The answer to the question of what a Bible study is seems at first glance to be a simple one: an in-depth look at Scripture. But a recent article in Christianity Today entitled “Let Bible Studies Be Bible Studies” reveals that the answer can actually be fairly complex in our church today.
“Over time, ‘Bible study’ has become a catchall to describe all kinds of gatherings,” the writer of the article, Jan Wilkin, explains. “As we have expanded our use of the term, we have decreased the number of actual Bible studies we offer” (Christianity Today, March 2017, p. 26).
Churches indeed in many cases have shifted away from offering basic Bible studies in favor of studies that are topical or devotional in nature. Many now resemble more of a book club than a theology course.
Wilkin contends that this has led to a decline in Bible literacy in today’s Christians. There is still value to be gained by engaging in a line-by-line study of Deuteronomy, for example. It is still important to hone our ability to observe, interpret and apply biblical texts. It is still good for us to know the structure and order of the books of the Bible and to be able to know and find the chapter and verse of a meaningful passage.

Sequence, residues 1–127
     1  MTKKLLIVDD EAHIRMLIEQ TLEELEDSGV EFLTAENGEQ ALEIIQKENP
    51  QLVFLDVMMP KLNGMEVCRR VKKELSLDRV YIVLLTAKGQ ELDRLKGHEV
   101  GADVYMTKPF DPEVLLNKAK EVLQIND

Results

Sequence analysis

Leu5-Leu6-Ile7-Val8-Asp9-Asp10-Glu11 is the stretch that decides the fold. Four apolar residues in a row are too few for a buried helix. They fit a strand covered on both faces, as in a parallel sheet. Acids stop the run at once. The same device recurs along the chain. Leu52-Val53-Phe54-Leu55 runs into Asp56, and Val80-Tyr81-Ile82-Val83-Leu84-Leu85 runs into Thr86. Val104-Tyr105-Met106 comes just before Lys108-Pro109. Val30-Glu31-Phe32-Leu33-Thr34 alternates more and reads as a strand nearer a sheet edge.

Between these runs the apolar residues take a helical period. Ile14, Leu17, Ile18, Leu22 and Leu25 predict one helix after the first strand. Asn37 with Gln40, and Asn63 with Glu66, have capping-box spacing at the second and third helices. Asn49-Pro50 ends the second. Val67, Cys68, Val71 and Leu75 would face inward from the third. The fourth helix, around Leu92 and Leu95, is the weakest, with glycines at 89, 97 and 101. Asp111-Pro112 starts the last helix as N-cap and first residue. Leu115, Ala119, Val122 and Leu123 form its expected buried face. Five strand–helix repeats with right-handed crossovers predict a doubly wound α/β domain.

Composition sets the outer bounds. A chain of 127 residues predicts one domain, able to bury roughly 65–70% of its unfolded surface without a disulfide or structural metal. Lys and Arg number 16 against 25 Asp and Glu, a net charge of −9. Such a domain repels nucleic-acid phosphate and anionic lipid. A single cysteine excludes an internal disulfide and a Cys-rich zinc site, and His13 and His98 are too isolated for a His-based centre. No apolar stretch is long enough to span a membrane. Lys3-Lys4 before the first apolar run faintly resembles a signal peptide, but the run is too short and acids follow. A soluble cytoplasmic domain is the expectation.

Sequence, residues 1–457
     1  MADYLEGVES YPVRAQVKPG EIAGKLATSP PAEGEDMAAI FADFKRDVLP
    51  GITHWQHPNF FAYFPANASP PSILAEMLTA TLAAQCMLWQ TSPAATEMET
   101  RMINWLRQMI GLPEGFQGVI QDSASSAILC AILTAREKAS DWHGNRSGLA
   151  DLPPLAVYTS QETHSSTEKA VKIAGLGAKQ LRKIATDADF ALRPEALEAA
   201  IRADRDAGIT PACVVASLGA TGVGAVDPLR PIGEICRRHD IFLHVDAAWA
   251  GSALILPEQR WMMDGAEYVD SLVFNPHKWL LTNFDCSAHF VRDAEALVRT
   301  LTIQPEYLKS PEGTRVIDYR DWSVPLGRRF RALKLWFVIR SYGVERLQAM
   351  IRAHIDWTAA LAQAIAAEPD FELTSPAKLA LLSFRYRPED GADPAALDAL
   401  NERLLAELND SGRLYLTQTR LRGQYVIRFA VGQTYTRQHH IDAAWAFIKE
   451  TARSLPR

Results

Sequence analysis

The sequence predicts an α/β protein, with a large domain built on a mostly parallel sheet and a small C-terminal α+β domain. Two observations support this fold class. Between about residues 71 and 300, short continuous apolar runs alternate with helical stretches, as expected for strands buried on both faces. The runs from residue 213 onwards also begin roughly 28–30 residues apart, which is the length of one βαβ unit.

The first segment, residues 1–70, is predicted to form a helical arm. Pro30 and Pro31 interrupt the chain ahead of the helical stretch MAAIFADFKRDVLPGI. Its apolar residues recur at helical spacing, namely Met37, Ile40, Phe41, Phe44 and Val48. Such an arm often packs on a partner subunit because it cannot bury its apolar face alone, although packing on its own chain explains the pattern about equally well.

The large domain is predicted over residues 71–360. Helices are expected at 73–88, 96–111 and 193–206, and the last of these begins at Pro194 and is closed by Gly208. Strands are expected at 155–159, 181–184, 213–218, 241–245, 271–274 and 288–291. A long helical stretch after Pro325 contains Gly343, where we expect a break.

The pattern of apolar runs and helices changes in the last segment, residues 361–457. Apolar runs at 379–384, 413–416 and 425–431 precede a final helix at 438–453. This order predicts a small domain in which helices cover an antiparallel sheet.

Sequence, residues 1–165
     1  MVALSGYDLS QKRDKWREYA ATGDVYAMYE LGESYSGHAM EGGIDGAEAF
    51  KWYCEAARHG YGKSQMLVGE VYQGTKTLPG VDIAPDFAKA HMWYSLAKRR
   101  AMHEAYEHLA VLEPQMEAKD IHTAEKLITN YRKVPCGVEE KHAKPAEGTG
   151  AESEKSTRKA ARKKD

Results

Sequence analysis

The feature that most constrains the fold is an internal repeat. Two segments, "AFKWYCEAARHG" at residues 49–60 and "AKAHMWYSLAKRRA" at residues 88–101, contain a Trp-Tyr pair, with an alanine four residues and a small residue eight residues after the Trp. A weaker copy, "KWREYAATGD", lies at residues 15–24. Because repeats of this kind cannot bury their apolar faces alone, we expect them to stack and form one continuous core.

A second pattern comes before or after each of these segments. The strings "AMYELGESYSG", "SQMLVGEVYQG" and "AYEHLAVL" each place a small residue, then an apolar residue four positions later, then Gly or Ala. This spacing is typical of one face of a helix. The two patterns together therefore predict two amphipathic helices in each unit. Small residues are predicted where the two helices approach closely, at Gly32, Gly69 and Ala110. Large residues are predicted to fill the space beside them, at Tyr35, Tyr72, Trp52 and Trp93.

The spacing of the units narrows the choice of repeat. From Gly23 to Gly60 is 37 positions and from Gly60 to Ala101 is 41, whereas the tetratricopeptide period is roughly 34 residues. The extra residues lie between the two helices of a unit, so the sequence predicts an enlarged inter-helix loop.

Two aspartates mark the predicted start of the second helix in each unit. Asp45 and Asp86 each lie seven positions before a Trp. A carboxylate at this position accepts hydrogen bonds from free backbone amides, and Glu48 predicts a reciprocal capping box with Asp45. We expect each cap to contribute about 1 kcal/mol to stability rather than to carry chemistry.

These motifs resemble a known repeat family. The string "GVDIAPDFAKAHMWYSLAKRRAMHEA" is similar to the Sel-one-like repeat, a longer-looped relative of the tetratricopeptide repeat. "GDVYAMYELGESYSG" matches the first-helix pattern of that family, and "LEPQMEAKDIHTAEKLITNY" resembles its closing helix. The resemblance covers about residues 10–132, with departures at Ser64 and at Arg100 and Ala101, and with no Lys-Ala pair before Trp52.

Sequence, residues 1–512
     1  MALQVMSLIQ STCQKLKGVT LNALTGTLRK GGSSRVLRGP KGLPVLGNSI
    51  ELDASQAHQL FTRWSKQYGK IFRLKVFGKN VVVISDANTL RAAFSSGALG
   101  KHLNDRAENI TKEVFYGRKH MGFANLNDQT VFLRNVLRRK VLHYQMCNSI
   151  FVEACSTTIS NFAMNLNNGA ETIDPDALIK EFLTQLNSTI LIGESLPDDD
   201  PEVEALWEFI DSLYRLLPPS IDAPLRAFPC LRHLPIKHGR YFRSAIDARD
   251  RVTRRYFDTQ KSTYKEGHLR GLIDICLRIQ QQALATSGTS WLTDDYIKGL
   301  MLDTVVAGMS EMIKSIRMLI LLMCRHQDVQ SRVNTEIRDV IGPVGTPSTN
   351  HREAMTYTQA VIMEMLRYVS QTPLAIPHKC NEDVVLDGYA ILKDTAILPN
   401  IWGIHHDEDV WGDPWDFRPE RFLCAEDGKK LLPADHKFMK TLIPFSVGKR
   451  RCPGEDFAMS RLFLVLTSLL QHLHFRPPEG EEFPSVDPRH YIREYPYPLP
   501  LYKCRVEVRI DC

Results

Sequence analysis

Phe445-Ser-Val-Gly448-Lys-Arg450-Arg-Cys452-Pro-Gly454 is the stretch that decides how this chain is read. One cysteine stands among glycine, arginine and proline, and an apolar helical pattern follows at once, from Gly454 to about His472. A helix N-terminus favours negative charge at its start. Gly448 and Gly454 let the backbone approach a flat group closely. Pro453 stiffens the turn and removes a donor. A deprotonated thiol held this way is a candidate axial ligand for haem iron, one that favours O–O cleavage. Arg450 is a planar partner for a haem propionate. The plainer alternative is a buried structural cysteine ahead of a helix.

Topical and devotional gatherings have strong purpose and meaning, of course, but they should not be a replacement for traditional Bible study. The maintaining of Bible literacy among Christians is at stake.
Wilkin suggests that we as church leaders are clear in our terminology of what is being offered in our congregations. Reserve the term “Bible study” for classes that are basic studies of Scripture, and call anything else “Topical Discussions On … ” or “Devotional Reflections About … ” Then the participant will better know what to anticipate.
Wilkin says that it sends a good message to your congregation to always offer something that is clearly a “Bible study,” because it shows that we as a Church make Bible knowledge a priority.
While there is nothing wrong with topical discussions and devotional reflection gatherings, we as the Church should never let good old-fashioned Bible study fall by the wayside.